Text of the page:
Add classes to the object tree
List of incompatible changes:

Delete fields
Change class hierarchy
Change non-static to static
Change non-transient to transient
Change type of a primitive field
So, if no suid is present , inspite of making compatible changes, jvm generates new suid thus resulting in an exception if prior release version object is used .
The only way to get rid of the exception is to recompile and deploy the application again.

If we explicitly metion the suid using the statement:

private final static long serialVersionUID =

then if any of the metioned compatible changes are made the class need not to be recompiled. But for incompatible changes there is no other way than to compile again.

What is the need of Serialization?

- The serialization is used :-

To send state of one or more object’s state over the network through a socket.
To save the state of an object in a file.
An object’s state needs to be manipulated as a stream of bytes.

Other than Serialization what are the different approach to make object Serializable?

- Besides the Serializable interface, at least three alternate approaches can serialize Java objects:

1)For object serialization, instead of implementing the Serializable interface, a developer can implement the Externalizable interface, which extends Serializable. By implementing Externalizable, a developer is responsible for implementing the writeExternal() and readExternal() methods. As a result, a developer has sole control over reading and writing the serialized objects.
2)XML serialization is an often-used approach for data interchange. This approach lags runtime performance when compared with Java serialization, both in terms of the size of the object and the processing time. With a speedier XML parser, the performance gap with respect to the processing time narrows. Nonetheless, XML serialization provides a more malleable solution when faced with changes in the serializable object.
3)Finally, consider a "roll-your-own" serialization approach. You can write an object's content directly via either the ObjectOutputStream or the DataOutputStream. While this approach is more involved in its initial implementation, it offers the greatest flexibility and extensibility. In addition, this approach provides a performance advantage over Java serialization.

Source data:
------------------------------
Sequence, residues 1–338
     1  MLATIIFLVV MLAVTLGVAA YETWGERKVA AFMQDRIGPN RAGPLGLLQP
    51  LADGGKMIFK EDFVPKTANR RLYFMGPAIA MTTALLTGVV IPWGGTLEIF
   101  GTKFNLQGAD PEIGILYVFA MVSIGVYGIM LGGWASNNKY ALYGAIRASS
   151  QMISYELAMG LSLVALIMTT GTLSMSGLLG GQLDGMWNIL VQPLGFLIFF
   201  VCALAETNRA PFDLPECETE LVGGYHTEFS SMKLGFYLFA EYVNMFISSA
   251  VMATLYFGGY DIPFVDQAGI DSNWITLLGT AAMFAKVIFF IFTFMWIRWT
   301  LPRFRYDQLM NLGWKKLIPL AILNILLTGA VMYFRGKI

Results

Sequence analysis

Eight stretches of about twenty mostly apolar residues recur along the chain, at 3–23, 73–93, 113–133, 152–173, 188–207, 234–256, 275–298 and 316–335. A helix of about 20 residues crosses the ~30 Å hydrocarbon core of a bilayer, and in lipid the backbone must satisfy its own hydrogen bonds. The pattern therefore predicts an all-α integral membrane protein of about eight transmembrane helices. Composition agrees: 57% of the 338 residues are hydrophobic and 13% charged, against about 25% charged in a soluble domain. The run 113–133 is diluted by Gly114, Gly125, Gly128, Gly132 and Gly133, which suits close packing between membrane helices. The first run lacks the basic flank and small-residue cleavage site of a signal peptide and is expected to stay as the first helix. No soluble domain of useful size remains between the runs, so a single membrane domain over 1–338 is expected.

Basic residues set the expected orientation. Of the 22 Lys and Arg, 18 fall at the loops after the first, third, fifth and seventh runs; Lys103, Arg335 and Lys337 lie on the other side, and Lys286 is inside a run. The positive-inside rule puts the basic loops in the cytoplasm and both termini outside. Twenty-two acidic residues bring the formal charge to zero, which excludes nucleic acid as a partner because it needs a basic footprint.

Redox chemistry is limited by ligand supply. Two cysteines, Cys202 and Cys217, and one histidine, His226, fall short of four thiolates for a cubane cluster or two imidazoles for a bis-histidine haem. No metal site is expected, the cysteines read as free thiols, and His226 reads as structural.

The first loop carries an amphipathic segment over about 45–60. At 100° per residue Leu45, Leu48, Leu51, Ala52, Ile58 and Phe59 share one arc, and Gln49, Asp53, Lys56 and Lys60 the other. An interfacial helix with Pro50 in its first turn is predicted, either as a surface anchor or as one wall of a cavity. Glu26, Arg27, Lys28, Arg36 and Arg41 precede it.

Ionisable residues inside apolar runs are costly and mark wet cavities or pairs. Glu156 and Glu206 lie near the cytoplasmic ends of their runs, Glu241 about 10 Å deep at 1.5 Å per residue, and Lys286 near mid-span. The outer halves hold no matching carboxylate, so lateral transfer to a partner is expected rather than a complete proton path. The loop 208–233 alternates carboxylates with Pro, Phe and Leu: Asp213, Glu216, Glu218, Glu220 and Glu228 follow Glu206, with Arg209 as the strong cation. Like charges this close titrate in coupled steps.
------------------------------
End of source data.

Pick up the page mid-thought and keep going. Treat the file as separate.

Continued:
Do we need to implement any method of Serializable interface to make an object serializable?

- No. Serializable is a Marker Interface. It does not have any methods.

What happens if the object to be serialized includes the references to other serializable objects?

- If the object to be serialized includes the references to other objects whose class implements serializable then all those object’s state also will be saved as the part of the serialized state of the object in question. The whole object graph of the object to be serialized will be saved during serialization automatically provided all the objects included in the object’s graph are serializable.

What happens if an object is serializable but it includes a reference to a non-serializable object?

- If you try to serialize an object of a class which implements serializable, but the object includes a reference to an non-serializable class then a ‘NotSerializableException’ will be thrown at runtime.

public class NonSerial {
//This is a non-serializable class

public class MyClass implements Serializable{
private static final long serialVersionUID = 1L;
private NonSerial nonSerial;
MyClass(NonSerial nonSerial){
this.nonSerial = nonSerial;
public static void main(String [] args) {
NonSerial nonSer = new NonSerial();
MyClass c = new MyClass(nonSer);
try {
FileOutputStream fs = new FileOutputStream("test1.ser");
ObjectOutputStream os = new ObjectOutputStream(fs);
} catch (Exception e) { e.printStackTrace(); }
try {